There are plenty of churches in Malta, but on Gozo, you’ll find one particularly photogenic: the Ta’ Pinu Sanctuary. The location makes the church especially special, as it stands in a vast green-brown landscape with nothing around it. In the square, there are beautiful mosaic images that reminded me of People’s Friendship Arch in Kazbegi, Georgia. The church inside is beautiful, but a bit soberer than other churches in Malta.

You can combine Ta Pinu Basilica with a long walk towards Marsalforn. Along the way, you pass Wied il-Mielah, often called the new Azure Window. To get to Ta’ Pinu, take bus 308 in Victoria.

Comino – the azure blue postcard

Finally, the third Maltese island, Comino. Virtually uninhabited, wild, and incredibly beautiful. Comino means cumin, a plant that used to be found on this island.

12. Blue Lagoon & Crystal Lagoon

Most people come to the island for the Blue Lagoon, a bay with incredibly blue water. What they don’t tell you is that the bay is super rocky, making it not so easy to get to the water. Bring those water shoes! Blue Lagoon can get very crowded, but if you walk further along the coast, it becomes quieter. Most people just flop down at the arrival spot. Tip: make sure to check out Crystal Lagoon as well. Even more beautiful than Blue Lagoon.

Boats to Comino depart from Mgarr harbor in Gozo. There are two companies with a boat every hour. Price is, I think, the same, but there are two types of tickets: Blue Lagoon only and Blue Lagoon + Caves. We chose the latter, but I wouldn’t recommend it. They only stop for about two minutes in front of a few caves and then go back to Mgarr. Don’t want to arrange this yourself? Book this Comino boat tour that brings you to Blue Lagoon and Crystal Lagoon.

Blue Lagoon
Crystal Lagoon.

Where to stay on Malta or Gozo?

Malta is the land of B&Bs with often extensive breakfasts. We liked these places:
Julina Boutique Living in Mosta (Malta): beautiful room, delicious breakfast and hospitable owners. They also occasionally bring their three dogs.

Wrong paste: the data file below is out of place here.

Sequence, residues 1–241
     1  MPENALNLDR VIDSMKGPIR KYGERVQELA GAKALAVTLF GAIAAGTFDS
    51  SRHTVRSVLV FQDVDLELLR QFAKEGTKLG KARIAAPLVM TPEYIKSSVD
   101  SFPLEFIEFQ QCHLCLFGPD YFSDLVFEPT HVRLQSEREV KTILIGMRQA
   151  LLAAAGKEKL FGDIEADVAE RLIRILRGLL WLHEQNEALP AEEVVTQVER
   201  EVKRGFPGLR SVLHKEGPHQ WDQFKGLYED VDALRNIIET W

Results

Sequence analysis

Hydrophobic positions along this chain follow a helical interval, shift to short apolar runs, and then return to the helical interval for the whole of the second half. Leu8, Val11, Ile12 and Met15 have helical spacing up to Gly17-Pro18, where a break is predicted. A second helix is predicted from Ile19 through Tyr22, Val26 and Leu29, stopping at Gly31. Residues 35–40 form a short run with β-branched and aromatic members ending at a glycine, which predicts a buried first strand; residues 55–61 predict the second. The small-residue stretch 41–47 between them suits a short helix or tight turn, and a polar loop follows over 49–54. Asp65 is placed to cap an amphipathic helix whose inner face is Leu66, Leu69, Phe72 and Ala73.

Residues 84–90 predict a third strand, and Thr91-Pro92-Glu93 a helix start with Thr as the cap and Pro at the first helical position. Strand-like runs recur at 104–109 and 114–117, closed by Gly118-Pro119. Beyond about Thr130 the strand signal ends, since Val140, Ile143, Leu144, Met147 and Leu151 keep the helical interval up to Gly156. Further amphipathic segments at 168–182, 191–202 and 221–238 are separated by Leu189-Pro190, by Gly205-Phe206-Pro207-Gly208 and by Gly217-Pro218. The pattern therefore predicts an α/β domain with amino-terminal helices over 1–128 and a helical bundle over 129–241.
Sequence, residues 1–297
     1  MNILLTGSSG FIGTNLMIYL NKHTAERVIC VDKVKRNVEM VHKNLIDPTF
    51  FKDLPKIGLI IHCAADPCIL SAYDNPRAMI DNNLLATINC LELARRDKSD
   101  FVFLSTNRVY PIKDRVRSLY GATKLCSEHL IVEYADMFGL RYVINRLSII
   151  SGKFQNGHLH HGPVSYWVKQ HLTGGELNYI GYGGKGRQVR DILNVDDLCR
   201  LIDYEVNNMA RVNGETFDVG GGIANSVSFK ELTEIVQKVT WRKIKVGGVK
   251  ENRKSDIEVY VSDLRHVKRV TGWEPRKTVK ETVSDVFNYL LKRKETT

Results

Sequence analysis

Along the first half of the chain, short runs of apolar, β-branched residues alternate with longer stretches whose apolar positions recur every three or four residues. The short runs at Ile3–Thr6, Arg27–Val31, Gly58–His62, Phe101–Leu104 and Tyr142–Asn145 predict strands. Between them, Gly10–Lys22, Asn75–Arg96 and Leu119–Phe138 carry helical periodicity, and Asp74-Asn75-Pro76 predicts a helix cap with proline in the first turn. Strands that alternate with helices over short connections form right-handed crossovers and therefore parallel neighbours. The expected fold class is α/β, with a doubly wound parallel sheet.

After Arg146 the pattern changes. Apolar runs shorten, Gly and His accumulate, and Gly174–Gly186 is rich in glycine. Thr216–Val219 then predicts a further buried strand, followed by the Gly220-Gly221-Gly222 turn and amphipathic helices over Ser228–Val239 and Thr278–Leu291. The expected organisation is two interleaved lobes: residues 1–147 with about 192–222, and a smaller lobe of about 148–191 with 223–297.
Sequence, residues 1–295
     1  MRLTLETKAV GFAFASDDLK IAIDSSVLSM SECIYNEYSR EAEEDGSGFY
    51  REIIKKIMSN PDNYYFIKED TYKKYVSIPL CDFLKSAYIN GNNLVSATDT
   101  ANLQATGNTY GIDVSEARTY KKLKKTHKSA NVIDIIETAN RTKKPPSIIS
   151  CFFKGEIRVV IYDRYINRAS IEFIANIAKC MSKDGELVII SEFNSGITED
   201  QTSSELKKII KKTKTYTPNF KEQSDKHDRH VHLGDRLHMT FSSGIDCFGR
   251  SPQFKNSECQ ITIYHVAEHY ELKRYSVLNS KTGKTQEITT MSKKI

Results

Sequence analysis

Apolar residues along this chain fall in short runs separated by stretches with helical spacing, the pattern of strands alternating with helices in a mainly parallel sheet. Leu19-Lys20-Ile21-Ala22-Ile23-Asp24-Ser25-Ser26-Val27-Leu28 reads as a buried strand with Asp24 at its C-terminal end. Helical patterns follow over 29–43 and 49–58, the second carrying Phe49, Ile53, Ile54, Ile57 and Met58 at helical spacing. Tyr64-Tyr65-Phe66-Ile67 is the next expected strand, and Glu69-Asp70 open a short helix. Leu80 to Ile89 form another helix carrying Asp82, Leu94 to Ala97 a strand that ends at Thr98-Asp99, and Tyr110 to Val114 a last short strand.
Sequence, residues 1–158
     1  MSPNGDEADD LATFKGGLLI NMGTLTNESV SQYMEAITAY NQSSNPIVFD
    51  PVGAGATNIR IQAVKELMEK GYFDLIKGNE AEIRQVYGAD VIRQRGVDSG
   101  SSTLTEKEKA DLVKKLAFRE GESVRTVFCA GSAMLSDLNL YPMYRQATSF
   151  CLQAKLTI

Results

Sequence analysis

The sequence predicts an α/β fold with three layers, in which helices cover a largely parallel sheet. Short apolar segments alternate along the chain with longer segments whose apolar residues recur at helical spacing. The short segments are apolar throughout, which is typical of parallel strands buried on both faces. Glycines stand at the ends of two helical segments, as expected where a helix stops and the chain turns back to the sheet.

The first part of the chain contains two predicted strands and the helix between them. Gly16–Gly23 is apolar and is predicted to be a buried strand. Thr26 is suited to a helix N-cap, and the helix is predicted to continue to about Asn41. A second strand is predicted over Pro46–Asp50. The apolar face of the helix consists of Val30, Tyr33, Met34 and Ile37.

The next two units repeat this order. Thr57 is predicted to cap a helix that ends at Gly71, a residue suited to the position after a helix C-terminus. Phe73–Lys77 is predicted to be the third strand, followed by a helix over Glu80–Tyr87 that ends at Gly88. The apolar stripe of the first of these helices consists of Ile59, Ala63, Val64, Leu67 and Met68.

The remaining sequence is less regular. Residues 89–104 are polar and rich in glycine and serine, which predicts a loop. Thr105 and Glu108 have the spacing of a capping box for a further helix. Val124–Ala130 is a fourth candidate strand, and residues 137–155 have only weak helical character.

Casa Gemelli Boutique Guesthouse in Victoria (Gozo): rooms with a view of the Citadel and a 3-course breakfast buffet that is out of this world.
Betty Cake B&B in Qala (Gozo): rooms with a view of a typical Gozitan windmill and breakfast with cakes.

Click here for an overview of accommodations in Malta and Gozo.

How to get around with public transport?

Malta has a good bus network. You can buy a ticket from the driver for €2 (cash or credit card), but it’s more convenient to buy a Tallinja 12-ride card (€15, sharing is possible) or a Tallinja 7-day card (€21, sharing not possible). They are available at ticket machines, which can be found in larger towns and at the airport. One downside of the bus system is that the interval between rides can be quite long. Sometimes you have to wait a half hour or even an hour. Use the Tallinja app to look up departure times.

Where to eat & drink?

Malta is strongly influenced by Italian cuisine, so there are plenty of pizzas and pasta. Below are some recommendations for restaurants and cafes, suitable for vegetarians and vegans.

Coffee Circus: a coffee chain where each cafe can put their own twist on the place. The one I liked the most was Coffee Circus China in Birzebbuga with an Asian menu.
Carolina Petit Cafe & Tearoom in Sliema: a cute Paddington-themed cafe with lots of tasty cakes and sandwiches.
La Vida in Sliema: Spanish tapas bar with vegan options.
Bakkun in Mosta: a super cute family restaurant that organizes Vegan Wednesdays.
Trishna in Victoria: a beautiful Indian restaurant with a fantastic menu.
Casa Vostra in Victoria: a top spot for pizza and cocktails. Arrive early as it’s popular.
Maxokk Bakery in Nadur: here you can taste the typical Gozitan ftira, a kind of pizza with potato, vegetables, capers, anchovies and tuna. There’s also a vegetarian version. Preparation time is 30 minutes and you pay cash. It is take-away only.

And that’s it! Do you have any recommendations for things to do in Malta or Gozo?